Sproul goes on to write this…

When we forget the glorious truth that Jesus’ kingdom is everywhere, that all authority in heaven and on earth has been given unto Him, we end up dividing His realm. We think the real kingdom is where the church is, where it is doing ‘churchy’ things. When we are praying, when we are giving and receiving the sacraments, when we are preaching or hearing sermons, then we have entered into His kingdom. When, however, we are making widgets, buying groceries, or coaching Little League, then we have left the safety of the kingdom and have ventured into the world.

The truth is, of course, that His reign is universal. We do not move into and out of His kingdom so much as we vacillate between recognizing it and failing to recognize it, manifesting it or failing to manifest it. When we leave the church, and enter into that which is para–alongside–the church, we are not crossing some kind of border, entering into Pilate’s realm. Because we are still within the kingdom of our Lord, we are still to be about our Lord’s business. We are to do all that we do as unto Him.

In other words, regardless of where we live or what we do, every believer is called to full-time Christian ministry. We may not work for a Christian company or be paid by a mission board. We may not carry a Bible to work or be employed someplace where meetings start and/or end with prayer. Yet we all are called to do everything we do for God. That means whether we are stitching a wound, filling out tax forms, collecting garbage, mopping a floor, remodeling a house, selling a pair of jeans, fixing or serving food, investing money or answering phones we are just as much within the kingdom of God and called to live out our faith as if we were pastors, Christian school teachers or missionaries. Sproul writes, “The plumber, then, if he serves our Lord, is a parachurch worker. he is most assuredly in ministry. And make no mistake about it: there is a Christian way to do plumbing.”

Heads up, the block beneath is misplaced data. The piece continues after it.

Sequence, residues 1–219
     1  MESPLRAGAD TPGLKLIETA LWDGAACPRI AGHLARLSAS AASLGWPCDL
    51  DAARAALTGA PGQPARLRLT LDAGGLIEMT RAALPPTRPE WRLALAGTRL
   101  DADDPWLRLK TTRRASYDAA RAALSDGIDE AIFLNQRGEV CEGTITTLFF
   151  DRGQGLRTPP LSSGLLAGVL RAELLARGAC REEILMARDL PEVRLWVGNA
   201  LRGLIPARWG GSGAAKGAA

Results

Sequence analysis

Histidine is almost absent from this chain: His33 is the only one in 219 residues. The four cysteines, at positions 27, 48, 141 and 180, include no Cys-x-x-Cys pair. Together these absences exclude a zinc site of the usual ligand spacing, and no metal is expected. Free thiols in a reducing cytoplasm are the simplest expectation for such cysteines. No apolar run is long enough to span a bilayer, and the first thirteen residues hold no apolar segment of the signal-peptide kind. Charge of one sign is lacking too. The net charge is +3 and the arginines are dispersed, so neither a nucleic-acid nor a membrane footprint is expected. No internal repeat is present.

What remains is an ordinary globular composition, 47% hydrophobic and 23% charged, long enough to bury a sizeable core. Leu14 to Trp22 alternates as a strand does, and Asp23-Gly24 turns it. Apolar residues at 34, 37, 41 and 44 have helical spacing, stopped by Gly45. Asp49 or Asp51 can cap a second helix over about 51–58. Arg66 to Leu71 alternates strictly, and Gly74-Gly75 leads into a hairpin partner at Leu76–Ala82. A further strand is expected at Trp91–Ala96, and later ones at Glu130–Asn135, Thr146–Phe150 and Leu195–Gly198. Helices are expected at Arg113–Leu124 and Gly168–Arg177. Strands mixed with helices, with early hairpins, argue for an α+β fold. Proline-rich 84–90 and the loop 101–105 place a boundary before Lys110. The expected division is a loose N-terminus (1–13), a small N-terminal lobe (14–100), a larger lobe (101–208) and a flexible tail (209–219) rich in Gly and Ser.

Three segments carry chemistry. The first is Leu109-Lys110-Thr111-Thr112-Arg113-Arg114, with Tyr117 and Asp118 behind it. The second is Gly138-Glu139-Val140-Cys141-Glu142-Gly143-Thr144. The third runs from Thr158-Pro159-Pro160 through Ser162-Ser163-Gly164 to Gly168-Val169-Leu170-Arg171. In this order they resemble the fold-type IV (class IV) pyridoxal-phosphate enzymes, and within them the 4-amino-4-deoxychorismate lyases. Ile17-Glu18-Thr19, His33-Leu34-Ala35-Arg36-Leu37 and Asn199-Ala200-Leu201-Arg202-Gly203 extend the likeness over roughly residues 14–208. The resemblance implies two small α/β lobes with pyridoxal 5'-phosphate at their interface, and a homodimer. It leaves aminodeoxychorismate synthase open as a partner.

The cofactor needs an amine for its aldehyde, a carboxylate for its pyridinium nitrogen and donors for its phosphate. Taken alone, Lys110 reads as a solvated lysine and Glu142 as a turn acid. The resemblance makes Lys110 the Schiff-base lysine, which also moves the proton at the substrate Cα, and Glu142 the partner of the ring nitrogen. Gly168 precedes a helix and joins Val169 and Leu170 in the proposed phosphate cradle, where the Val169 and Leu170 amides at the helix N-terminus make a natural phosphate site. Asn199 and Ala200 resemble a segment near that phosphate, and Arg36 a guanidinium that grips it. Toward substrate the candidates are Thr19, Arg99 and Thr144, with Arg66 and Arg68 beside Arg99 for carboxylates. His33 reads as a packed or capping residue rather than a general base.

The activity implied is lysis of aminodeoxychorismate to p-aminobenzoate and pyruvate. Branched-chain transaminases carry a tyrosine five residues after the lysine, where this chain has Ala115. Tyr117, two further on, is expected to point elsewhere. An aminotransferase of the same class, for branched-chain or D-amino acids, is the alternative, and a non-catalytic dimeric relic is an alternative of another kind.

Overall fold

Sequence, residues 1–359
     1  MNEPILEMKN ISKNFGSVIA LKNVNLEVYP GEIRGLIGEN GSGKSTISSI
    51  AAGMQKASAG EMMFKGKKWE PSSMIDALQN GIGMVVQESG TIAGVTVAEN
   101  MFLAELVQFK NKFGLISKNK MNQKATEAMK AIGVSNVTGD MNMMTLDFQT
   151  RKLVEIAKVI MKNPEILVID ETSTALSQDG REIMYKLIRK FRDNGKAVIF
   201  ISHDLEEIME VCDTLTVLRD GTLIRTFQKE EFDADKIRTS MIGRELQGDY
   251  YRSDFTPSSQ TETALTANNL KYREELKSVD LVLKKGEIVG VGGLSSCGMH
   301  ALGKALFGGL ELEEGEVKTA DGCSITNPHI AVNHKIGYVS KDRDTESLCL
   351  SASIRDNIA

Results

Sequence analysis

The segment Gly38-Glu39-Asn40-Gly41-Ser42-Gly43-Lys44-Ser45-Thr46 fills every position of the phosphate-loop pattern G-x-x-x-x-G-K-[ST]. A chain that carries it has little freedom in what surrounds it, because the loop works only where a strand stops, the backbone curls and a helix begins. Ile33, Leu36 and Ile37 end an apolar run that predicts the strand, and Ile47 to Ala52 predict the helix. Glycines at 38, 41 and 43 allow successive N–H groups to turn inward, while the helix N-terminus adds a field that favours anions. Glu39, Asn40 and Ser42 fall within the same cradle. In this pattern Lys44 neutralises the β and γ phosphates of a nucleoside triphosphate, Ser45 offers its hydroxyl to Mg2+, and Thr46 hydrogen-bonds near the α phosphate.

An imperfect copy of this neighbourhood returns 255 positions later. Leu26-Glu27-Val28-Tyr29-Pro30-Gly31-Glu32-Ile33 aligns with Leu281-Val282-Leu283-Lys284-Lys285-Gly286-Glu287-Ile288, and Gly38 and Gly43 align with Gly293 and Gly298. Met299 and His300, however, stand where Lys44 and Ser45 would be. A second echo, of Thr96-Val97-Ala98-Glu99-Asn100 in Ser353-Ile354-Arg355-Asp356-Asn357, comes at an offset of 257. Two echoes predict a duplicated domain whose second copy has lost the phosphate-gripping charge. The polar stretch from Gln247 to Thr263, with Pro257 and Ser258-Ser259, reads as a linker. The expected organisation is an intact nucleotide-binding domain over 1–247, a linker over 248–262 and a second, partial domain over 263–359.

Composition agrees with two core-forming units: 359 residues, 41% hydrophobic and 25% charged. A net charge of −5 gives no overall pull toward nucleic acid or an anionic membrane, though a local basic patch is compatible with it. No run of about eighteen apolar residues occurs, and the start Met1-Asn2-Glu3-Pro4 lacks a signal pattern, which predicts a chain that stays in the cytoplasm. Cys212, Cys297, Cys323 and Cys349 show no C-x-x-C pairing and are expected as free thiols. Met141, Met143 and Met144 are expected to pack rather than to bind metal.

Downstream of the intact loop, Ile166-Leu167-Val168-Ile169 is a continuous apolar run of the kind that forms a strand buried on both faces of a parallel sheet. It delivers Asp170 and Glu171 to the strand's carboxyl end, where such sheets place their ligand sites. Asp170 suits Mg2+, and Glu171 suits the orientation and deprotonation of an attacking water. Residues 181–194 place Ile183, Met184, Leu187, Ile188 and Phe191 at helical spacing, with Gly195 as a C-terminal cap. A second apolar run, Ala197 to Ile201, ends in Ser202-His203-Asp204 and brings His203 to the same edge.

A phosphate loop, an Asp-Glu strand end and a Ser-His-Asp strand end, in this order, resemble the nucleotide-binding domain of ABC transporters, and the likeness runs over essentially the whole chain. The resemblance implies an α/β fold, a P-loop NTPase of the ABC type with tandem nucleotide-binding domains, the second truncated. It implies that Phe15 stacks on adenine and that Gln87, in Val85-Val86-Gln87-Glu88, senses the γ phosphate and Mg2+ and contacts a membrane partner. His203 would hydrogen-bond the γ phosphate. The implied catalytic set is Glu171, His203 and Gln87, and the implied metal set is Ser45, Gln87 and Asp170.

This is a crucial lesson for all of us to learn. It is one that I strive diligently to communicate to the students at the school where I serve…they do not have to go to a Christian college or work in a church in order to live out their faith. We strive to show our students how biblical principles are connected to and relevant to every area of study, every occupation and every life choice. I am in a setting where I am privileged to have both that opportunity and responsibility. But it is not one that should be unique to me or those of us in Christian education. Every Christian should seek to apply the teachings of Scripture in their every day lives. Every Christian parent should seek to teach their children that the Bible is not just for Sundays, but is relevant and applicable every day and in every setting.

Paul says in I Corinthians 10:31, “…whether you eat or drink, or whatever you do, do all to the glory of God.” He says again, in Colossians 3:23, “And whatever you do, do it heartily, as to the Lord and not to men.” Whatever you do is all encompassing; it excludes nothing. Wherever you are and whatever you do…live it out.